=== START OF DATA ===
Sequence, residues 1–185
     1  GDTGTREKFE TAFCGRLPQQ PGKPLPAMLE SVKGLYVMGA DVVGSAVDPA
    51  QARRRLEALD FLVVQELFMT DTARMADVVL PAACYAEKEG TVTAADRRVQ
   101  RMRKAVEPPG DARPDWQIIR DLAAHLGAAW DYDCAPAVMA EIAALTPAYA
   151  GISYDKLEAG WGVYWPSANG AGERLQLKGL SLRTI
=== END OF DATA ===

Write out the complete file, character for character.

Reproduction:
Sequence, residues 1–185
     1  GDTGTREKFE TAFCGRLPQQ PGKPLPAMLE SVKGLYVMGA DVVGSAVDPA
    51  QARRRLEALD FLVVQELFMT DTARMADVVL PAACYAEKEG TVTAADRRVQ
   101  RMRKAVEPPG DARPDWQIIR DLAAHLGAAW DYDCAPAVMA EIAALTPAYA
   151  GISYDKLEAG WGVYWPSANG AGERLQLKGL SLRTI